What about languages? OpenEdition, Revues.org, Calenda and Hypotheses.org are still mainly French-language platforms, with an increasing number of foreign-language journals and blogs.
OpenEdition’s catalogue listed 283 French-language journals out of 340 journals (numbers including the “forthcoming” ones) on 12 March 2012. The plurilingual platform probably started in 2009-10 with 13 journals in English, and a few journals in other languages. In March 2012, there were foreign-language journals in English (60 journals, either online or “forthcoming”), Spanish (16 journals), Portuguese (7 journals), German (5 journals), Italian (5 journals), Arabic (1 journal), Basque (1 journal), Latin (1 journal), Slovenian (1 journal) and Turkish (1 journal). An OpenEdition platform in Portuguese was launched in November 2011.
On Calenda, the titles of all events are translated into English, with the full text of a few key events occasionally translated too.
On Hypotheses.org, most academic blogs are in French (315 blogs on 12 March 2012), with blogs in English (31 blogs), German (8 blogs), Spanish (6 blogs), Portuguese (4 blogs), Turkish (2 blogs), Arabic (1 blog), Italian (1 blog) and Russian (1 blog). The number of blogs in German and Spanish should increase significantly after the launching of de.hypotheses.org and es.hypotheses.org in March 2012.
Since January 2009, OpenEdition has partnered with the French Persée project, a free-for-all and open-to-all publicly-funded portal of French academic journals in the humanities – with great About pages (available in English by clicking on a small UK flag on the left). Persée was launched in January 2005 as an initiative from the Ministry of Higher Education and Research. OpenEdition and Persée have “mutualized” their common journals by setting up interoperability standards between the older collection in Persée and the more recent collection on OpenEdition, with 20 common journals in January 2009, and 28 common journals in March 2012. [I would very much like to write an article about this project.]
After so many hours spent gathering information and writing this article, I still don’t know if OpenEdition could be best defined as an electronic platform promoting open access for academic literature, as a service provider for the electronic publishing of academic literature, or as a venture launching new services to have money flowing into the project. It is probably all of this. In any case, the whole project – past and present – has deeply improved the electronic publishing and dissemination of academic journals, first by offering a pioneer platform, second by offering high-end tools to the academic community, and third by experimenting new models.
From an open-access perspective, I don’t know if we can speak about an ongoing effort, or about a step back. On 29 December 2008, on a total of 133 journals, 100% of the collection was in free access without any restrictions. On 12 March 2012, on a total of 337 journals, there were 95 journals (28% of the collection) in free access without any restrictions; 85 journals (25% of the collection) with a free HTML version only, and access to other formats through the Freemium programme or OpenEdition’s bookstore; and 157 journals (47% of the collection) with an embargo period from one to three years, meaning toll-access subscriptions or Freemium access to recent issues, and free access to older issues. If users don’t belong to an academic library, they need to subscribe to a given journal, or buy a given article, or use pay-per-view when available, or wait for a few years if they do want to read it for free.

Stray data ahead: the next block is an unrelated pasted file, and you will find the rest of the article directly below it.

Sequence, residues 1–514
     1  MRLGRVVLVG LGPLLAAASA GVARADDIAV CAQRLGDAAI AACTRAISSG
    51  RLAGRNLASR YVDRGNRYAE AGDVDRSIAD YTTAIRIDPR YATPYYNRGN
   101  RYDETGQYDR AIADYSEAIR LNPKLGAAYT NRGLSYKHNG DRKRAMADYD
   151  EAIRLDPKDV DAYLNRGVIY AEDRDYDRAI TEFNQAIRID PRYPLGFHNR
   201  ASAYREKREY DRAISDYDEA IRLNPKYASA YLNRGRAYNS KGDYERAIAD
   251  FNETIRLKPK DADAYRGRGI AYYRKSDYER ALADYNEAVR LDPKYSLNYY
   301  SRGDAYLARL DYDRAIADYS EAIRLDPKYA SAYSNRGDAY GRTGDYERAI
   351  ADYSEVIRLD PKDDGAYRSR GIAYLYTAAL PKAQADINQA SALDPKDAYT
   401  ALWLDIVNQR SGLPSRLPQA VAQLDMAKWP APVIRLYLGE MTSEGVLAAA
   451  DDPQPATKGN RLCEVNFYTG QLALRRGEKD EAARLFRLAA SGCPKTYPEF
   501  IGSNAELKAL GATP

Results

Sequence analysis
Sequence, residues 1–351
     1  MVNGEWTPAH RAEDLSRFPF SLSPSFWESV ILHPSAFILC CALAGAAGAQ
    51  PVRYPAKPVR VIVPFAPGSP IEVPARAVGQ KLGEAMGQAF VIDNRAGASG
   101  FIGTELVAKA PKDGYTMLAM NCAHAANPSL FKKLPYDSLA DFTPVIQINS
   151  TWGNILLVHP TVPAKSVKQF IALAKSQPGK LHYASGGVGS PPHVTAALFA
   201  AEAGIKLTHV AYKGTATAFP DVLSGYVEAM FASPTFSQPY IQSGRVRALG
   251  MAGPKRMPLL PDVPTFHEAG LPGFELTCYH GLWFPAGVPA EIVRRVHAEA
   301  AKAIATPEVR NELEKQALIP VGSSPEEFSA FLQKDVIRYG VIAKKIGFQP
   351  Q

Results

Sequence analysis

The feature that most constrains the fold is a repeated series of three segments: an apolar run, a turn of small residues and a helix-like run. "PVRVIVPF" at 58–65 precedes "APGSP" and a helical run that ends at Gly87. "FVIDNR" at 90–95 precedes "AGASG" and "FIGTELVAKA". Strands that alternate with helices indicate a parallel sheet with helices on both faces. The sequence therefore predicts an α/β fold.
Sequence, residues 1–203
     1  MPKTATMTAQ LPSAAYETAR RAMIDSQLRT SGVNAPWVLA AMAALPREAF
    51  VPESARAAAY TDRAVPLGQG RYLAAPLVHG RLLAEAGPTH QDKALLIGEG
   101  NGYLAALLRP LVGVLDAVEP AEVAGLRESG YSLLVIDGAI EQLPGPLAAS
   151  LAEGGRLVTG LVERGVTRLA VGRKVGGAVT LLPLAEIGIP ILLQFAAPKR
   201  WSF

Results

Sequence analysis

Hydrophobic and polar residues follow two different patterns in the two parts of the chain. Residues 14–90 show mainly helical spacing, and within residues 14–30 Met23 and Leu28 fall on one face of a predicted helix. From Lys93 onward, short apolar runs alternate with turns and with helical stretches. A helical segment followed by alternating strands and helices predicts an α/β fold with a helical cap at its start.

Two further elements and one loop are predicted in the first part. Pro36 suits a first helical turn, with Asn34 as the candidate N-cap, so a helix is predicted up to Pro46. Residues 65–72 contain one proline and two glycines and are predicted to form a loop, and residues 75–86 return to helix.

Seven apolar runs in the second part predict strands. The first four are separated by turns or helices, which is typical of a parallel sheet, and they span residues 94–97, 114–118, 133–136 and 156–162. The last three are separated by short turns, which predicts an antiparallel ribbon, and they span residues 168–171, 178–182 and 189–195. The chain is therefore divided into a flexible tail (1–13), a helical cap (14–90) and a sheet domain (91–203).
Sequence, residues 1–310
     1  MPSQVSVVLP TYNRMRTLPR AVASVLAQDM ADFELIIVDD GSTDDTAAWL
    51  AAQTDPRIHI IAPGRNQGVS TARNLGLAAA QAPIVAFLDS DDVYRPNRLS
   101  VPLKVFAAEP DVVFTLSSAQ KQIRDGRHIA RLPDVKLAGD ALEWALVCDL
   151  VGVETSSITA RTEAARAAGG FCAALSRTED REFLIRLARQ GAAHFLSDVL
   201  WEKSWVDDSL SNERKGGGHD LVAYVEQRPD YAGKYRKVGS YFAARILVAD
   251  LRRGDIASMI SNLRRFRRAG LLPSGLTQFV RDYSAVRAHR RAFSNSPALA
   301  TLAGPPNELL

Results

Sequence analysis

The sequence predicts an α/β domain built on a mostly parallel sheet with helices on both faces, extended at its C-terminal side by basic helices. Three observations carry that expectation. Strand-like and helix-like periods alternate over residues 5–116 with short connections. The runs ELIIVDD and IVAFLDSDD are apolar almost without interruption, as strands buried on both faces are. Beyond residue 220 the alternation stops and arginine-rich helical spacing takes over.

One can argue that the switch from a free platform to a hybrid free/fee-based platform is a way to provide open access to older issues of more journals, as part of an ongoing effort. To be able to freely access 53% of the collection without delay is a good start. But to have to wait from one to three years to freely access 47% of the collection whereas most of it is the result of publicly-funded (i.e. taxpayer-funded) research seems like a long time.
“Open-access (OA) literature is digital, online, free of charge, and free of most copyright and licensing restrictions. What makes it possible is the internet and the consent of the author or copyright-holder. (…) The question is not whether scholarly literature can be made costless, but whether there are better ways to pay the bills than by charging readers and creating access barriers.” (Peter Suber)
For the right definition to reach the world – and not only the English-speaking community – the now 10-year-old open-access movement should find a way to translate a wealth of important texts about open access (with numbers, statistics and examples) into several languages, and offer a plurilingual common portal with high-quality professional translations (while avoiding volunteer translations, unless they are double-checked, translation work being a high-skilled work, especially for such topics). Authors, publishers, librarians, researchers, professors, students, decision makers, the general public, and others, need useful information in their own language(s), even when they read English, as shown in other fields, where access to plurilingual information was a major step for advocacy and better understanding.